It's Beginning to Taste a Lot Like Christmas



Article Published: Dec. 15, 2010 | Modified: Sep. 7, 2011
It's Beginning to Taste a Lot Like Christmas


When Christmas comes to Joe's Italian Kitchen, owner Joe Cafaro welcomes it by the pound - 100 pounds to be exact.

It's cuccidati (pronounced coo-chee-dah-tee), Sicilian fig-stuffed cookies that, to Cafaro, are as indicative of the holidays as old Saint Nick.

"This recipe was given to me by an old Italian lady, Maria Nuccio, in Brooklyn," Cafaro said. "She would make the whole batch at one time, put them in a box in the back of a closet, and only take them out to serve."

Decades later, Cafaro's mastered the recipe and makes his own annually. They're not quite stored in the darkness of a closet, but they're just as good.

"Here at Joe's, we make about 10 pounds at a time," he said. "For me to make 100 pounds would take two days."

This season, the cookies have already sold past the 50-pound mark, leaving only one more week for fans to collect.

"Now's the time," he said. "People start calling me to reserve them, because when they're gone, they're gone. That's it."

That's the way the cookie crumbles, but Cafaro's not one to leave his community cookie-less for the holidays.

Along with cuccidati, Joe's boasts a selection of homemade pignoli cookies, Italian wedding cookies and, as always, Joe's celebrated biscotti.

Pignoli, made with almond flavored dough and covered in pine nuts, are only made to order, though wedding cookies (named so because the almonds inside are a sign of good luck) and biscotti are far more bountiful, and not just in numbers.

"Smell that," Cafaro said, leaning into the biscotti display case. "It's a slice of heaven right there."

It's also a slice of memory.

"I'd go home," said Cafaro, who was born and raised in Brooklyn, N.Y., "to visit my friends and family, and the ladies would bring this box of cuccidati out of the closet. It was just so cool, I'd always ask for more, and they'd always give me a box to take home. Going home was always a real treat. My friends' parents would make these wonderful treats and, of course, they taught me how to make them."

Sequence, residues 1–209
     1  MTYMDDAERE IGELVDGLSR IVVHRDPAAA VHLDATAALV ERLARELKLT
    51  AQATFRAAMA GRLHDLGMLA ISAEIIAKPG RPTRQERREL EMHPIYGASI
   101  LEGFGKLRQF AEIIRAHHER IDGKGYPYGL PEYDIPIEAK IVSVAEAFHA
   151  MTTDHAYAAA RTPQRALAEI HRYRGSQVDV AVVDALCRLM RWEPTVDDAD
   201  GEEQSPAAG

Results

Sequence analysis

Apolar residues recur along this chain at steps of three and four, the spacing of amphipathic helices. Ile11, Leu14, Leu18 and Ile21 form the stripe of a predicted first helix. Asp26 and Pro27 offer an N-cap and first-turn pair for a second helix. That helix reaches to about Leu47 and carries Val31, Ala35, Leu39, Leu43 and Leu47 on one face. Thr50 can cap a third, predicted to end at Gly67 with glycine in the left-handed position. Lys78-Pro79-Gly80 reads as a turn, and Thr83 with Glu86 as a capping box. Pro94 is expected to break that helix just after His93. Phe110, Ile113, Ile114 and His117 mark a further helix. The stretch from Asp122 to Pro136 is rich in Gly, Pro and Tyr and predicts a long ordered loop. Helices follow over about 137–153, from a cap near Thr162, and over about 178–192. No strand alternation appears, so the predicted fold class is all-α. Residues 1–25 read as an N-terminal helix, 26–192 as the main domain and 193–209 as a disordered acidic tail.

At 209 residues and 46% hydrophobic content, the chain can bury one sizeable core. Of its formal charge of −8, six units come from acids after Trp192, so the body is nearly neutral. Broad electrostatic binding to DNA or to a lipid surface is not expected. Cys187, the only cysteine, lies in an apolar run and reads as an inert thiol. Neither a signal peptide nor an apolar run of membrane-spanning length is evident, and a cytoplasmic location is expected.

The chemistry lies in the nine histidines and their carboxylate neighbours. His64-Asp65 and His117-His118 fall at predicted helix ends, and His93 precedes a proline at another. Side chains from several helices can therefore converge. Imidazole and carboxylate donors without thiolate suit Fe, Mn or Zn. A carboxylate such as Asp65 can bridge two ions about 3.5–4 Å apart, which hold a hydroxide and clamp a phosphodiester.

They also taught him how to store them. The closet is not required, but the cookies last longer in a cool, dark place, up to a month or more.

Cuccidati and wedding cookies sell for $4 a box, $10 for a medium tin and $20 for a large tin, and, as Cafaro will attest, "it's a great gift."

Biscotti (in three flavors) run $10 per pound or $1.50 each, while pignoli (only made to order) cost $18 per pound.

"I had a lady come by and buy $60 worth - twice," Cafaro said of the cuccidati.

In other words, get them while supplies last.

Joe's Italian Kitchen is located at 190 Boone Heights Drive in Boone. For more information, call (828) 263-9200 or visit http://www.joesitaliankitchen.com.


Beat It

Got restaurant news? E-mail editor Frank Ruggiero at (frank@mountaintimes.com) , snail mail Mountain Times Publications, Attn: Frank Ruggiero, 474 Industrial Park Drive, Boone, N.C. 28607, or call (828) 264-NEWS and ask for Frank.

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